The Christmas Lectures give secondary school pupils from the ages of 15-18 an opportunity to explore a variety of Christmas...
05 December 2019
NMS Christmas Lectures 2019
The countdown to the holidays began recently in the Faculty of Natural & Mathematical Sciences, as school pupils from across London attended the Faculty’s annual Christmas Lectures, held this year on Tuesday 3 December.
Running since 2013, the Christmas Lectures give secondary school pupils between the ages of 15 and 18 an opportunity to explore a variety of topics in science, technology, engineering and mathematics (STEM) subjects with lectures from university teaching staff.
Guests donned Santa hats and enjoyed gingerbread biscuits and hot chocolate whilst learning about the exciting research currently happening across the Faculty. With introductions by Dr Eva Philippaki of the Department of Physics, the lectures added festive flair to topics across the fields of chemistry, engineering, informatics, mathematics, physics and biomedical engineering.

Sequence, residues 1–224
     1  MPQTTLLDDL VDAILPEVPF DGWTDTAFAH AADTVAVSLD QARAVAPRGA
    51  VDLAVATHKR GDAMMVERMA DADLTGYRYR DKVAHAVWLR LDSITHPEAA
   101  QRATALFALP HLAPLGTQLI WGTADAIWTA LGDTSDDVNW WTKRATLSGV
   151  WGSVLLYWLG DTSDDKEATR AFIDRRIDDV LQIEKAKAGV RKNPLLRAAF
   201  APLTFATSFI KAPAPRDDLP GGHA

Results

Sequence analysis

The lectures included an introduction to synthetic biology by Dr Eamonn Reading of the Department of Chemistry (‘The gift wrap of life’), an introduction to game theory by Professor Igor Wigman of the Department of Mathematics ( ‘How to win your Christmas family board game’), and contemplation on the challenges of machine learning with Dr Helen Yannakoudakis of the Department of Informatics (‘All I want for Christmas is… a robot that can do my homework’).
The lectures also highlighted the real-life application of scientific research at King’s, and piqued curiosity about future developments in STEM fields. Dr Amelle Zair of the Department of Physics explored the use of quantum physics in application to Santa’s annual journey around the world (‘Once upon a time, there was a photon who helped Santa to freeze time’). Dr Emma Robinson of the Department of Biomedical Engineering presented an overview of building predictive models in brain imaging (Father Christmas’s naughty or nice detector’), and an exploration of the inspiration underpinning developments in robotic surgery was showcased by Dr Hongbin Liu of the Department of Engineering (‘Santa’s little helper: a robot that can travel inside your body’).
The event also provided an opportunity for school students to mingle with the academic speakers and NMS student ambassadors to learn more about undergraduate opportunities and life at King’s, and concluded with a tour of the Strand Campus.